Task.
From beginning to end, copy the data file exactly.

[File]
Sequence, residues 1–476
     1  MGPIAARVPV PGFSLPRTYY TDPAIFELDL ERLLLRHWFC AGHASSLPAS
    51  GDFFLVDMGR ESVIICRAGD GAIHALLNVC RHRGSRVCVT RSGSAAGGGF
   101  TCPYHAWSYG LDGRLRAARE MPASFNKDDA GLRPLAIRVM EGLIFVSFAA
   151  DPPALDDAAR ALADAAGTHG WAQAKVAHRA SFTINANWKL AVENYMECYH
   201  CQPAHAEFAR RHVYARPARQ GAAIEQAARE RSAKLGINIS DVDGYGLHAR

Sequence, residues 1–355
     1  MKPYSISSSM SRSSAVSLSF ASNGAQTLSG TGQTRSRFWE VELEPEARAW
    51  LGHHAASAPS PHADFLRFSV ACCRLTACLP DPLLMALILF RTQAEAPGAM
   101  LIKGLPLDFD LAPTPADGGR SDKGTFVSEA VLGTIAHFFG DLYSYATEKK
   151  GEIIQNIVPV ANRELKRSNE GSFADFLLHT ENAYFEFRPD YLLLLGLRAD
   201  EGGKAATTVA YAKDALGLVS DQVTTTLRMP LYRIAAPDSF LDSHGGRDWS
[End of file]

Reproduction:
Sequence, residues 1–476
     1  MGPIAARVPV PGFSLPRTYY TDPAIFELDL ERLLLRHWFC AGHASSLPAS
    51  GDFFLVDMGR ESVIICRAGD GAIHALLNVC RHRGSRVCVT RSGSAAGGGF
   101  TCPYHAWSYG LDGRLRAARE MPASFNKDDA GLRPLAIRVM EGLIFVSFAA
   151  DPPALDDAAR ALADAAGTHG WAQAKVAHRA SFTINANWKL AVENYMECYH
   201  CQPAHAEFAR RHVYARPARQ GAAIEQAARE RSAKLGINIS DVDGYGLHAR

Sequence, residues 1–355
     1  MKPYSISSSM SRSSAVSLSF ASNGAQTLSG TGQTRSRFWE VELEPEARAW
    51  LGHHAASAPS PHADFLRFSV ACCRLTACLP DPLLMALILF RTQAEAPGAM
   101  LIKGLPLDFD LAPTPADGGR SDKGTFVSEA VLGTIAHFFG DLYSYATEKK
   151  GEIIQNIVPV ANRELKRSNE GSFADFLLHT ENAYFEFRPD YLLLLGLRAD
   201  EGGKAATTVA YAKDALGLVS DQVTTTLRMP LYRIAAPDSF LDSHGGRDWS